“He feels young to-night,” said Galusha. “It must be the—ah— moonlight, I think. Really, I—ah—I feel surprisingly young, myself. I do, indeed!”
Martha laughed blithely. They came to the abrupt little slope at the southwestern edge of the government property and when he offered to help her down she took his hand and sprang down herself, almost as lightly and easily as Lucy could have done it. Galusha laughed, too, light-heartedly as a boy. His spectacles fell off and he laughed at that.
The minute afterward they arrived at the crest of the knoll. Another moment and the silhouetted figures of Lulie Hallett and Nelson Howard appeared from behind the clump of bayberry bushes and walked onward together, his arm about her waist. The pair on the knoll saw the parting.
Lulie ran up the path and the door of the light keeper’s cottage closed behind her. Howard disappeared around the bend of the hill. Martha and Galusha turned hastily and began walking toward home. Neither spoke until they were almost there. Then Miss Phipps, apparently feeling that something should be said, observed: “The moon was—was real pretty, wasn’t it, Mr. Bangs?”
Galusha started. “Eh?” he queried. “Oh, yes! yes, indeed! Ah— quite so.”
He made the next remark also; it was quite irrelevant.
“Youth,” he said, musingly. “Youth is a wonderful thing, really it is.”
Possibly his companion understood his thought, or had been thinking along the same line herself. At all events she agreed. “Yes, it is,” she said. “It is so. And most of us don’t realize how wonderful until it’s gone.”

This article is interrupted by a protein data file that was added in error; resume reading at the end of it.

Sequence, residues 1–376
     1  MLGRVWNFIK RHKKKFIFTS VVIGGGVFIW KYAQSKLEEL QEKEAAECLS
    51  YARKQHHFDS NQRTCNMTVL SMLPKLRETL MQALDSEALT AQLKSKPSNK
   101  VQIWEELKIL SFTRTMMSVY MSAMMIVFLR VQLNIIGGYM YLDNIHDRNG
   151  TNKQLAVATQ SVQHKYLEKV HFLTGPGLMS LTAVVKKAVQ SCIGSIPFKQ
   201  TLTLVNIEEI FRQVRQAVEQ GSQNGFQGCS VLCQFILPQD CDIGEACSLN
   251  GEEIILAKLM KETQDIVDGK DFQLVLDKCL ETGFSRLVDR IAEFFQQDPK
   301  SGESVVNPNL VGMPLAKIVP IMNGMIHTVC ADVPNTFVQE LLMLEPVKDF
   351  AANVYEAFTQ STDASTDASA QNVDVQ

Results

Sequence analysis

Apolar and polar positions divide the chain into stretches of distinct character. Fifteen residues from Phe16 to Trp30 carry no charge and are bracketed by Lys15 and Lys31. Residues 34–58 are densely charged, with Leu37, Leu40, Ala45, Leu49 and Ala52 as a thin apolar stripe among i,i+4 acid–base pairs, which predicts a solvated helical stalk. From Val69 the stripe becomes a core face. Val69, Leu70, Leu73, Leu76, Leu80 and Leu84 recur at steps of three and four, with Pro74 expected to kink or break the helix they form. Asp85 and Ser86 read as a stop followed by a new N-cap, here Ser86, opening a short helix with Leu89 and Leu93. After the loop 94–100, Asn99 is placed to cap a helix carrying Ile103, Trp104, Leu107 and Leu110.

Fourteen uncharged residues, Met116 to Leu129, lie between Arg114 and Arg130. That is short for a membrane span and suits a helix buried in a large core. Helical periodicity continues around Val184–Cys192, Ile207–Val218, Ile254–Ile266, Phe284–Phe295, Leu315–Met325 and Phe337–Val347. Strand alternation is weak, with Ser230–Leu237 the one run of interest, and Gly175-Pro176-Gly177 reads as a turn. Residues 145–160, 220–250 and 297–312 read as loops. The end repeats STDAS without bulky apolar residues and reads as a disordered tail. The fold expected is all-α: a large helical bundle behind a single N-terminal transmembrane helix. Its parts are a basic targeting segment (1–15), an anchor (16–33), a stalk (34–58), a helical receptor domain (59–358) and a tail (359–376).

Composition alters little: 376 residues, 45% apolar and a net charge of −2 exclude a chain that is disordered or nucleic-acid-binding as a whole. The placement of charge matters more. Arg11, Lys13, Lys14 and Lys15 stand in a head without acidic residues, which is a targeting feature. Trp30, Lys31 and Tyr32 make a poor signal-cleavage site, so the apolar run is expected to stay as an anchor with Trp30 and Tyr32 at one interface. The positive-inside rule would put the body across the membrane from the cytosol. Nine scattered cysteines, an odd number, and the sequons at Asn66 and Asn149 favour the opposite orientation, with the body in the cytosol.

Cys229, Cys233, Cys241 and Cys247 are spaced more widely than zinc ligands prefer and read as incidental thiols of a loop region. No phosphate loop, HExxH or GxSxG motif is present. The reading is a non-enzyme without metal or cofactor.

From the shadows by the gate Lucy Larcom sprang aloft to knock another beetle galley-west. Lucy was distinctly a middle-aged cat, but he did not allow the fact to trouble him. He gathered his June bugs while he might and did not stop to dream vain dreams of vanished youth.
Early June came to Gould’s Bluffs. The last of the blossoms fell from the apple and pear trees in the Phipps’ orchard, there were young swallows in the nests beneath the eaves of the shed, and tulips and hyacinths gave color and fragrance to the flower beds in the front yard. Down in the village Ras Beebe began his twice-a-year window dressing, removing the caps, candy, sweaters, oil heaters, patent medicines and mittens to substitute bathing suits, candy, straw hats, toy shovels, patent medicines and caps. Small boys began barefoot experiments. Miss Tamson Black departed for Nantucket to visit a cousin. Mr. Raish Pulcifer had his wife resurrect his black-and-white striped flannel trousers from the moth chest and hang them in the yard. “No use talkin’,” so Zach Bloomer declared, “summer is headin’ down our way. She’ll be here afore we know it.”